Texas rules Big 12 volleyball, but Baylor continues to aim high after a historic 2017, and some key transfers and big-time freshmen recruits bring new talent into the conference. Things will look different in the Big 12 this season — with a handful of teams ready to make a move — but Texas remains the constant at the top. This is an in-depth preview of the league:
Texas rules Big 12 volleyball, but Baylor continues to aim high after a historic 2017, and some key transfers and big-time freshmen recruits bring new talent into the conference. Things will look different in the Big 12 this season — with a handful of teams ready to make a move — but Texas remains the constant at the top.
Big 12 Preseason Coaches Poll
3. Iowa State
5. Kansas State
7. Texas Tech
9. West Virginia
Texas, Baylor, and Iowa State were also included in the AVCA’s preseason poll, ranking No. 3, No. 16, and No. 21, respectively.
2017 Record: 24-7 (13-3)
Key losses: Outside hitter Katie Staiger was an absolute workhorse for Baylor, leaving at the end of the 2017 season as the school’s all-time kills leader in the rally scoring era.
The Bears also lost libero Jana Brusek, middle Camryn Freiberg, and middle/opposite Tola Itiola.
“Physically, what we lost has been replaced and maybe to-be-determined if it’s upgraded in that,” coach Ryan McGuyre said. “We’re longer, we’ll be a little more physical … Those seniors understood the balance of trust and kindness with competitive grit, and we’ve got to relearn that, I think.”
Who returns: A lot of the hype that surrounds Baylor this year has to do with Yossiana Pressley. As a freshman, the outside hitter led the conference in points and kills per set and was named Big 12 freshman of the tear.
Setter Hannah Lockin and middle Shelly Fanning joined Pressley on the preseason All-Big 12 list. Lockin earned honorable mention All-American honors last season, tallying 11.23 assists per set. Junior Fanning, also an honorable mention All-American, posted the best single-season hitting percentage in Baylor history (.376), in addition to leading the team in blocks.
Despite standing only 5-foot-8, six-rotation outside hitter Aniah Philoh ranked fourth on the team in kills last season, first in aces (25), and second in digs per set (3.74), and is the top candidate to start opposite Pressley on the left.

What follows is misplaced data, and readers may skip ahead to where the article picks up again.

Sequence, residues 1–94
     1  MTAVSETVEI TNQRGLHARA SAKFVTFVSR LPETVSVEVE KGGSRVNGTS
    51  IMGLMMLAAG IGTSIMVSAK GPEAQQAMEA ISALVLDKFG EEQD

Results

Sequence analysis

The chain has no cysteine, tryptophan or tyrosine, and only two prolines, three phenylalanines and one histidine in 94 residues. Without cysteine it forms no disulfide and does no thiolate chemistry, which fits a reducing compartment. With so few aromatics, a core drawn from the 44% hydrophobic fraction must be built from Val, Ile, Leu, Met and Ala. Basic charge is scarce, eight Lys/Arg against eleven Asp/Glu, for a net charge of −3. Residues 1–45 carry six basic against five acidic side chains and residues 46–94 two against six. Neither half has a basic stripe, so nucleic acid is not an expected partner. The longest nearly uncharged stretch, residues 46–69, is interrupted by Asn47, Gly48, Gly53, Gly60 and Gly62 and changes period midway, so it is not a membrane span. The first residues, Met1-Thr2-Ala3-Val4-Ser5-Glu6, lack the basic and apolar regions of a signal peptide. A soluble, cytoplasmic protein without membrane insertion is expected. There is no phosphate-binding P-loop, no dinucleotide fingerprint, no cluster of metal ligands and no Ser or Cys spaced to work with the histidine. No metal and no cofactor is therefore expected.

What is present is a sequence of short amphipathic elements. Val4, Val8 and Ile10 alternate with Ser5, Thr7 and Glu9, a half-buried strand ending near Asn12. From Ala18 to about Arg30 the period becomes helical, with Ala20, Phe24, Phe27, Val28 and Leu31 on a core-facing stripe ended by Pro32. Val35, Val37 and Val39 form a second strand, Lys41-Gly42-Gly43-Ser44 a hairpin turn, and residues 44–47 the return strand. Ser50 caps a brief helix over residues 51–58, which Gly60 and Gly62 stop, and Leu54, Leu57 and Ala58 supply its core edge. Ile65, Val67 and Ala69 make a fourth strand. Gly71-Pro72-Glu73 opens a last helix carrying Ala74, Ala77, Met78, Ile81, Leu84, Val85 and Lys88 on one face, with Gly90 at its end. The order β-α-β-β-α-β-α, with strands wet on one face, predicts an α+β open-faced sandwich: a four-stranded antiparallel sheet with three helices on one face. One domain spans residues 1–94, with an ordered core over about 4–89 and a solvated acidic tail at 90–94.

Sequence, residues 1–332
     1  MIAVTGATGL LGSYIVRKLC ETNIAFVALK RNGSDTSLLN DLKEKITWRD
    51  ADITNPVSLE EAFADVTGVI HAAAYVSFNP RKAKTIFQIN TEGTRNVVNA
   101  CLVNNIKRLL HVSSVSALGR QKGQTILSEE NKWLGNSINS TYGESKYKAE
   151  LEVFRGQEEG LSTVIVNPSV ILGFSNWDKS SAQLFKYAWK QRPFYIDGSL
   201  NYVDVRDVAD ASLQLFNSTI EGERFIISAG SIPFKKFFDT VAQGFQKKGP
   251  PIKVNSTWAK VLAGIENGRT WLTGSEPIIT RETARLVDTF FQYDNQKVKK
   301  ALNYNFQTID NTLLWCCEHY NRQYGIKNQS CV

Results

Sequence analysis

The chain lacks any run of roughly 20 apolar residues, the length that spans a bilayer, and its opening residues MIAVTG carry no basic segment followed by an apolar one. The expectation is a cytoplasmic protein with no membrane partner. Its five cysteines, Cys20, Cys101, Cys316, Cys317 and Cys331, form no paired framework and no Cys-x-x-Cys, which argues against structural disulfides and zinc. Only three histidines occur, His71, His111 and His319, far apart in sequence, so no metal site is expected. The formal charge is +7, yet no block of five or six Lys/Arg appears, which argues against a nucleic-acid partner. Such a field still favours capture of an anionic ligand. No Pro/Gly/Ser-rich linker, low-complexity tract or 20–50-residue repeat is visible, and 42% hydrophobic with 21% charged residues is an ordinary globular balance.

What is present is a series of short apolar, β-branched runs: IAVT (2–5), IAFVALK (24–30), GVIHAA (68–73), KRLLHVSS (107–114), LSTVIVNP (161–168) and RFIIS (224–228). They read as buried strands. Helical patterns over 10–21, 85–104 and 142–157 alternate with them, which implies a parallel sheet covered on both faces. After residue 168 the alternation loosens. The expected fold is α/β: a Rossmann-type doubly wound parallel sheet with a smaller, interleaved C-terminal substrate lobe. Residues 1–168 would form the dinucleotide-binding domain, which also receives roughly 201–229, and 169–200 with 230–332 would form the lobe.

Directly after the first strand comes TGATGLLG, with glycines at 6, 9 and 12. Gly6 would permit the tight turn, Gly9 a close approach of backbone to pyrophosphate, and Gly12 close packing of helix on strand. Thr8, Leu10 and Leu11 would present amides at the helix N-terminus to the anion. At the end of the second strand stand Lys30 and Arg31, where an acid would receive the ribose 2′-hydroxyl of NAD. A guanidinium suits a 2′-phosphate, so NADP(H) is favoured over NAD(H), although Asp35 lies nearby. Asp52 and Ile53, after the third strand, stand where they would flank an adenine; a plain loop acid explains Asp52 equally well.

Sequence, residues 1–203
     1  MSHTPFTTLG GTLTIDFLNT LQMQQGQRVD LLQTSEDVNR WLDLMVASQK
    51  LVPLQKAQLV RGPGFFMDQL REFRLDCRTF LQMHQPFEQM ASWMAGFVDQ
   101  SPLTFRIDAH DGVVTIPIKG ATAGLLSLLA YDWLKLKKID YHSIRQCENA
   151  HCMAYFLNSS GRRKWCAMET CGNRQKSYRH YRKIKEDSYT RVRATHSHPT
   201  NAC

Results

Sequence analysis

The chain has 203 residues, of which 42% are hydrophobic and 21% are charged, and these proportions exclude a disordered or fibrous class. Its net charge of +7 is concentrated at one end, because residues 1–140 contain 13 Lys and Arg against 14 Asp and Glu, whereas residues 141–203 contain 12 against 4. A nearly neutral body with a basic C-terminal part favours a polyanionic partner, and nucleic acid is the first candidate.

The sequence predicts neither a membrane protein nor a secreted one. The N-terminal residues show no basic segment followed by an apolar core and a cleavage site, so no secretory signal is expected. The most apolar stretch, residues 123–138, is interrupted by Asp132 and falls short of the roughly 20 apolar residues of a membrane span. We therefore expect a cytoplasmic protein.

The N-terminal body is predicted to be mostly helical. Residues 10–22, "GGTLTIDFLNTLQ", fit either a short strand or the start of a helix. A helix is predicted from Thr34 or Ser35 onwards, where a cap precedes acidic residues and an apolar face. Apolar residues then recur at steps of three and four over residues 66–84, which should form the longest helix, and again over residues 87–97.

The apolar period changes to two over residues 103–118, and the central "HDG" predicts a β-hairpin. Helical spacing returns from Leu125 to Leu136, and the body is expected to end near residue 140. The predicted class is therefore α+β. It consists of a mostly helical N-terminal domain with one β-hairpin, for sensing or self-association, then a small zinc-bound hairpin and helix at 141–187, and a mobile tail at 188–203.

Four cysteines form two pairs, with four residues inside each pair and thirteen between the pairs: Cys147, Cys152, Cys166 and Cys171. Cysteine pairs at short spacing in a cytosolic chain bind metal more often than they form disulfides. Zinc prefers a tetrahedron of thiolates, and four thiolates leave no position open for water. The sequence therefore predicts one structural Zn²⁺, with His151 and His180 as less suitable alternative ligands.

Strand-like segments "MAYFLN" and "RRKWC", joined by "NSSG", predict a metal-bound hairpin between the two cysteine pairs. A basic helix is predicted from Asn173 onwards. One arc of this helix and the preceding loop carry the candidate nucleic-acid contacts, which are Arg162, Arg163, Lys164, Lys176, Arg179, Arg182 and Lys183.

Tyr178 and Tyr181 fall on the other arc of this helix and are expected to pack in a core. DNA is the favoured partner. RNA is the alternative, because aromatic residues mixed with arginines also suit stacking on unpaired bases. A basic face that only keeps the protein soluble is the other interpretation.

Newcomers of note: Middle blocker Sydney Sacra headlines Baylor’s group of five newcomers, not least because an immediate replacement is needed to fill Freiberg’s spot in the middle. McGuyre said the 6-4 Needville, Texas, product will make an impact right away.
The new starting libero may also come from the 2018 class — freshmen and Texas products Emily Van Slate and Shanel Bramschreiber will be in competition with two upperclassmen defensive specialists\.
Talented transfer Gia Milana makes her way to Waco from Maryland, where she was the go-to outside hitter. However, with two outside hitters returning, as well as freshman OH/OPP Bri Coleman, Milana might have a tough road ahead of her to earn a spot on the floor.
Analysis: Baylor begins the 2018 season with some momentum after earning a top-16 seed in the 2017 tournament and celebrating the program’s only back-to-back NCAA appearances. The Bears ranked No. 16 in the AVCA Preseason Poll, and a strong preseason includes matches against UCLA (preseason No. 11), San Diego (preseason No. 14), and Wisconsin (preseason No. 9). Last year, only Texas stood between Baylor and a Big 12 title.
2017 Record: 22-7 (11-5)
Key losses: The graduation of setter Monique Harris will likely prove the most significant for ISU; last season Harris briefly ran a 6-2 with then-freshman Piper Mauck, but shouldered the setter duties in a 5-1 starting with conference play.
Opposite/middle Samara West, who ranked second on the team in kills last year and first in hitting percentage, will also be sorely missed, as will outside hitter Alexis Conaway, who started for three seasons as a middle before moving to the left.
Who returns: Now for some good news: Jess Schaben, Grace Lazard, and Hali Hillegas — Iowa State’s top hitter, top blocker, and top digger, respectively — all return, and all three were named to the preseason All-Big 12 list. Opposite Hannah Bailey is also back to claim her spot on the right pin.